2. Keep It Clean
When you want someone to do something on your page, you want to make sure they do only that and have no distractions. You want to make it clear that this is what you want them to do. It’s a simple website optimization technique – take away all distractors. As we saw before, data shows that many internet users do not have a strong attention span. That not only relates to time but also- oh look! A cute puppy and baby youtube video!….You get my point. Therefore, you want the least amount of distractors on your page so that people focus on doing what you want them to do: register.
Another tip to help focus your user is using an image that directs attention to the Call to Action you want them to click on or form you want them to fill out.
3. Personalize It
Part of registering for your site involves trust. The user needs to trust that:
You will not give out their private information.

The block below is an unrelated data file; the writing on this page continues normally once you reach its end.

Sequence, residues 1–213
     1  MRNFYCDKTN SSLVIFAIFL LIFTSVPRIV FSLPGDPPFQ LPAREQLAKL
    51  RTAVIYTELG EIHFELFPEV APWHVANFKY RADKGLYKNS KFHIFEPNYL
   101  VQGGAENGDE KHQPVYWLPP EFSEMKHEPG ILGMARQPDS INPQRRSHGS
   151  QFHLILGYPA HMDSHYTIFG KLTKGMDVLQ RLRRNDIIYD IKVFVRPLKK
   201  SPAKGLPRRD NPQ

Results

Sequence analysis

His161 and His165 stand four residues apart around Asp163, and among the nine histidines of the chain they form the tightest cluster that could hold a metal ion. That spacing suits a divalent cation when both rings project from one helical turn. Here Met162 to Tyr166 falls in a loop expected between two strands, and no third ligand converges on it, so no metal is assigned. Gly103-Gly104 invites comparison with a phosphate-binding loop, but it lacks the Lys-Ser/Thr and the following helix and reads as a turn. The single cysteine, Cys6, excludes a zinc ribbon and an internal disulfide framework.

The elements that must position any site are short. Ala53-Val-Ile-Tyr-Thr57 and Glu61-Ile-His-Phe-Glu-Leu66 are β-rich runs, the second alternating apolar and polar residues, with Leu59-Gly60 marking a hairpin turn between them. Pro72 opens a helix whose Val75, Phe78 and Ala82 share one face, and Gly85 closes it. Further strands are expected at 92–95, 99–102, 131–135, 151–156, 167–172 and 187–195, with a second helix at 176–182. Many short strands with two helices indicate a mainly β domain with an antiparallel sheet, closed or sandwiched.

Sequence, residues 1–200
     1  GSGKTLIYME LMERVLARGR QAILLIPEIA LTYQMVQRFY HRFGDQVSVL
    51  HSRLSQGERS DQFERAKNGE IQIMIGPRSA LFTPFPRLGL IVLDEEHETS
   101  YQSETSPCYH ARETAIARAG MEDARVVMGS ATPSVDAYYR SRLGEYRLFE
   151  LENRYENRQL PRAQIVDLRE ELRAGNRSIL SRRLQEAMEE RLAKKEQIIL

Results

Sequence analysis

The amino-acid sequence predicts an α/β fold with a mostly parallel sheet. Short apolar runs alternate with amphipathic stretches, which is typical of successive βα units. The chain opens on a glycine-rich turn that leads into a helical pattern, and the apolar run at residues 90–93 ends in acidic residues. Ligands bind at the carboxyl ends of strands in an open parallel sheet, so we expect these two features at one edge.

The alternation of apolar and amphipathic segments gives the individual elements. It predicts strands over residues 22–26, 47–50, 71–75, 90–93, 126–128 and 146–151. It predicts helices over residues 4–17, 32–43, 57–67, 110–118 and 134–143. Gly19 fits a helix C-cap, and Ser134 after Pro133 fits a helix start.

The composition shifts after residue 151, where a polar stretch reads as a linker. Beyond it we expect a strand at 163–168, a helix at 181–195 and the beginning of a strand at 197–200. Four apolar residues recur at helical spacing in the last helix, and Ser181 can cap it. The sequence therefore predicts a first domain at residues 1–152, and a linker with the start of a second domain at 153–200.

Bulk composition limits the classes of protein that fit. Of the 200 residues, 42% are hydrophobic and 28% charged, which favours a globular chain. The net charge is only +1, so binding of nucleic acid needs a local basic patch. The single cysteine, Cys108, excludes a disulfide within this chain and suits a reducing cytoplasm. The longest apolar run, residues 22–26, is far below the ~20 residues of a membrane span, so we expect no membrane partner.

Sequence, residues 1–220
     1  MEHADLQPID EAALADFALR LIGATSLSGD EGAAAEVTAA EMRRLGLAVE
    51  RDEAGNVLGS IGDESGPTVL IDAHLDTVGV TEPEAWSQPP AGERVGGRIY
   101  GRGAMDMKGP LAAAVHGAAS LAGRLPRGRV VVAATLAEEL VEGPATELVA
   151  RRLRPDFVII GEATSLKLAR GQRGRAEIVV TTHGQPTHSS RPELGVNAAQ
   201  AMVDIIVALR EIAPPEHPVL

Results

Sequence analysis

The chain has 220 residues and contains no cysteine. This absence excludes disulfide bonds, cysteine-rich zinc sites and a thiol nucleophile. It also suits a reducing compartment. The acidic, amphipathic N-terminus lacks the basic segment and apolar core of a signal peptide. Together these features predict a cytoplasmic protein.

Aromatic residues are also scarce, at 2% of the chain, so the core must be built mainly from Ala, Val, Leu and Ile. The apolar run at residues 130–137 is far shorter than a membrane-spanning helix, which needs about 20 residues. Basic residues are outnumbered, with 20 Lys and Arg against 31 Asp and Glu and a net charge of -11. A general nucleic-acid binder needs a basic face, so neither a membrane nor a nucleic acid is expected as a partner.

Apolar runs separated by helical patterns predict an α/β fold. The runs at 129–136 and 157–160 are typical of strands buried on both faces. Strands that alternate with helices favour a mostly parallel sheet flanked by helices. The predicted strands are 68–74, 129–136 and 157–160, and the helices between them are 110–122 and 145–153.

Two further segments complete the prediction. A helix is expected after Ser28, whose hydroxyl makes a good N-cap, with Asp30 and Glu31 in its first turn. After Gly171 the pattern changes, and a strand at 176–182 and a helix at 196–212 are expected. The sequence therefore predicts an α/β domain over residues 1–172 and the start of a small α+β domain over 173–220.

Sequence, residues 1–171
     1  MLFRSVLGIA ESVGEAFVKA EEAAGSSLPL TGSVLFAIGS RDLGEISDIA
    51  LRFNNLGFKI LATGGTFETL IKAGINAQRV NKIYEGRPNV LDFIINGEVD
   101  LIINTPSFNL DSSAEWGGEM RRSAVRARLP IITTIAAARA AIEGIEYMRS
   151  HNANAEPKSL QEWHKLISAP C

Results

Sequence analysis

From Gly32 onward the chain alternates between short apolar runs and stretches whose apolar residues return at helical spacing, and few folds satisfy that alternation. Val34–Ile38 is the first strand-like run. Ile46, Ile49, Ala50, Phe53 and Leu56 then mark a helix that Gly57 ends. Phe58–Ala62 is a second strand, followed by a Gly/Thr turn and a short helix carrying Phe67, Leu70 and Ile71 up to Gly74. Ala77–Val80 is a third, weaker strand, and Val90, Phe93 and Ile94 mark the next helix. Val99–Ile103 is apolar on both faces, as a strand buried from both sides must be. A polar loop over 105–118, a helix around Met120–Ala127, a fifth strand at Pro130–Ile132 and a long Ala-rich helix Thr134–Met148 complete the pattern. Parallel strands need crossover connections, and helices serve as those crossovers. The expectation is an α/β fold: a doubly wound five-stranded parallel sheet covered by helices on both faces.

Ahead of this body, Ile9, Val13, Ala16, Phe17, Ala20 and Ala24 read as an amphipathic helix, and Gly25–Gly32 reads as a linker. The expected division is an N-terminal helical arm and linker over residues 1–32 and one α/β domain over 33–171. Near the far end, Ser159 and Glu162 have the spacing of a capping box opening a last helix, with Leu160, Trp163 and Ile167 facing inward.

You will not bombard them with emails that are not interesting to them.
Signing up will give them value.
You are a trustworthy and honest person and they want to join your community.
You can use geo-location to personalize a site, meaning you show the user that you know where they are. This can appear in many ways. You can make a site in their language. You can put the currency of a product to their local currency. You can give a local phone number for support, or offer free shipping! All of these will help users want to register more!
4. Make It Easy
If you can spare your users the time to fill out the form, do so. For example, if you need an address, perhaps ask for a Zip Code – and then City and State are all filled out! Or use a drop down menu that guesses the completed outcome, so that people can stop typing early.
5. Guide Your Audience
Nothing is more annoying than being told you are wrong about something when you didn’t have all the facts in the first place. You should be clear about what you want your user to do. If you write just “Username” and “Password” within the fields but the Password needs to be 7 characters long and include numbers and a capital letter, you’re going to need to tell the users about it, before they get that error message. There are different ways to do this. You can write it into the form field (showing them what you want them to do) or with small text or a question mark by the field.
6. Social Sign Ups